The Last of the Mohicans (1992)
“The first American hero.”
The Last of the Mohicans (1992)
Director: Michael Mann
Cast: Daniel Day-Lewis, Madeleine Stowe, Russell Means
Synopsis: Three trappers protect a British Colonel’s daughters in the midst of the French and Indian War.
The lingering shots of the verdant, unspoiled forests of North Carolina (standing in for the Adirondacks, which now bear the scars of decades of logging) which open and close Michael Mann’s version of The Last of the Mohicans are lent incredible poignancy by the drama sandwiched between them; they suggest a sense of permanence in a time of violent change, and provide a link between the present and the past. While the film’s dramatic storyline and central romance place it firmly in the realm of conventional blockbuster, The Last of the Mohicans goes deeper than most, exploring the inevitable conflict arising from competing cultures in a new land that promises seemingly endless opportunity and wealth. Mann based his version not on James Fenimore Cooper’s difficult novel, but George B. Seitz’s 1936 movie in which Randolph Scott starred as Hawkeye, a white man raised from a child by Chingachgook, one of the last surviving members of the Mohawk tribe. The 1936 film was one of Mann’s earliest movie memories, and while his version retains the studio formula of good guy versus bad, the people are more than stock characters with no perceptible life beyond the confines of the film. They are shaped by their past. Even the exploits of Magua, the Huron brave who is the obvious villain of the piece, are explained by his desire to avenge his murdered children.
Hawkeye is played here by Daniel Day-Lewis (Stars and Bars, In the Name of the Father) with typical commitment to a part for which he must have seemed a curious choice back in 1992. With flowing black locks and brooding looks he certainly fits the part, and his preparation for the role, during which he received instruction in wilderness survival from a man who dressed and lived his life like an 18th Century frontiersmen, was as exhaustive as we’ve now learned to expect. His performance is virile and energetic. He’s comfortable with the physical demands of the role, but he also displays a measure of reserve and introspection which points to the tacit moral code by which Hawkeye and his adopted people led their lives.
The plot sees Hawkeye, his adoptive father Chingachgook (Russell Means – 29 Palms) and brother Uncas (Eric Schweig) rescuing Cora Munro (Madeleine Stowe), her frail sister, Alice (Jodhi May – Flashbacks of a Fool) and Major Duncan Heyward (Steven Waddington – 1492: Conquest of Paradise, Carrington) from an ambush by Huron warriors led by the fearsome Magua (Wes Studi – Heat) during the height of the French and Indian War. The women are the daughters of Colonel Edmund Munro (Maurice Roeves – When Eight Bells Toll), the British officer in command of Fort William Henry with whom they hope to be reunited. Upon arrival at the fort, however, they find it besieged by the French, and within three days of its defences being breached.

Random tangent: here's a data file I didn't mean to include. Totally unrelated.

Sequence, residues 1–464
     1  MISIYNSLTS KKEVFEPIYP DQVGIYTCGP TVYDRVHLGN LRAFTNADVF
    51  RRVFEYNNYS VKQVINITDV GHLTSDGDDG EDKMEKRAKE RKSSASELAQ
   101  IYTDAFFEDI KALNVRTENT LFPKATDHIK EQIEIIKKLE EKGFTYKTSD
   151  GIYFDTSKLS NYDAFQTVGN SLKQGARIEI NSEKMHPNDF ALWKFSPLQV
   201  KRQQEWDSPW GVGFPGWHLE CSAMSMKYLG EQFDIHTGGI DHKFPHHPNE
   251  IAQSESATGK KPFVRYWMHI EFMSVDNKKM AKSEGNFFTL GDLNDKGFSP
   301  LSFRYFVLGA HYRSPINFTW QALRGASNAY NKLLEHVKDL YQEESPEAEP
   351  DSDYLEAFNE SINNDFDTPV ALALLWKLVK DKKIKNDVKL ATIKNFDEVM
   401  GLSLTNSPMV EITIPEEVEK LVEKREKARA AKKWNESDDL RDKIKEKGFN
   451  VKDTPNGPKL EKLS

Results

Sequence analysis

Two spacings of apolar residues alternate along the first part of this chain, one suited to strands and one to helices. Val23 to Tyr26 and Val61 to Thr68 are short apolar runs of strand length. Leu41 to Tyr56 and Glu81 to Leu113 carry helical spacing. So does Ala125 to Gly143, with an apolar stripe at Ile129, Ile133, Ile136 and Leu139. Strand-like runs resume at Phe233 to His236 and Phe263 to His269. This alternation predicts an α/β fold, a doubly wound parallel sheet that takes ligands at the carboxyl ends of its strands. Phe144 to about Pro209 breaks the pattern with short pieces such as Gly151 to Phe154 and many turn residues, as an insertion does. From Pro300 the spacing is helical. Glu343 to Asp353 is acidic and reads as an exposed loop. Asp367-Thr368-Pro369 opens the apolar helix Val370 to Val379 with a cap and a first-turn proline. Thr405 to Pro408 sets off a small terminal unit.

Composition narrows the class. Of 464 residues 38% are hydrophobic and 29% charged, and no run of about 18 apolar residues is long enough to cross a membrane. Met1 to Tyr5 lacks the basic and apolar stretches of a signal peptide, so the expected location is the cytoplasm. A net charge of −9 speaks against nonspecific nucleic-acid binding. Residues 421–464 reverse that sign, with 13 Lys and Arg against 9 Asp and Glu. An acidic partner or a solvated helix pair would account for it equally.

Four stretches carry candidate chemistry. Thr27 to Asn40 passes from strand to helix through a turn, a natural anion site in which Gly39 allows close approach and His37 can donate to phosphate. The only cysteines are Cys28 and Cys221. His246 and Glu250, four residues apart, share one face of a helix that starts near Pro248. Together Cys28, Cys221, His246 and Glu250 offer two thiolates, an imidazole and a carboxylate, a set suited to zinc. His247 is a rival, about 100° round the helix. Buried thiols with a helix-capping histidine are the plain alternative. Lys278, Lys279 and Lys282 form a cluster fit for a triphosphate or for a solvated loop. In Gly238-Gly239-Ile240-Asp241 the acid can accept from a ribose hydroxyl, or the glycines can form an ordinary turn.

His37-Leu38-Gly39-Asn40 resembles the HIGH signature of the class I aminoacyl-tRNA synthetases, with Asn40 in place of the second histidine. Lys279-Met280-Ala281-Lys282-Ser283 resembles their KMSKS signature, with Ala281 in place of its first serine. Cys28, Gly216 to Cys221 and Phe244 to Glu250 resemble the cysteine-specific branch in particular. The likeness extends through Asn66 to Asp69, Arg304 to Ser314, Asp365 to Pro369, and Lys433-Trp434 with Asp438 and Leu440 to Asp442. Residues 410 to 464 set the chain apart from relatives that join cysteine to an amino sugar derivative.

Because Heyward won’t confirm Hawkeye’s assertion that the marauding Huron are targeting homesteads, Munro refuses to allow Colonialists fighting on the side of the British to return home to protect their families. But Heyward’s reticence is coloured by his resentment of the growing romance between Hawkeye and Cora – who recently rejected his own proposal of marriage. The Colonialists depart anyway, under the cover of night, and with the assistance of Hawkeye, who is subsequently jailed for sedition. But when the victorious French allow the British to leave the fort and return to Britain, Hawkeye must once again rescue Cora and her sister from the Hurons.
Day-Lewis’s immersion in the role of Hawkeye is so complete that, for the duration of the movie, he dispels our memories of his other roles. He even finds ways to lend substance to the rather rushed and under-developed romance between Hawkeye and Cora that drives the plot. Cora is a woman of quiet strength and independence, a woman who doesn’t complain or falter, a good match for Hawkeye, and although working with less screen time than Day-Lewis, Madeleine Stowe does a fine job of conveying that inner strength and resolve. Unfortunately, the corresponding romance between Alice and Uncas is glossed over to such a degree that its tragic conclusion is robbed of much of its impact.
An 18th Century period piece is an unusual choice of project for a filmmaker like Mann, who’s more often associated with urban crime thrillers like Heat and Miami Vice, and is clearly a labour of love, a chance to pay tribute to the movie and story that fostered his love of cinema. His attention to period detail is near-faultless, and his literate screenplay (co-written with Christopher Crowe) thankfully distances itself from the patterns and dialogue of the late 20th Century without becoming inaccessible to a modern audience. Also key to the film’s success, and instrumental in evoking the distant era in which the story takes place, is the sublime score by Randy Edelman and Trevor Jones.
(Reviewed 8th January 2016)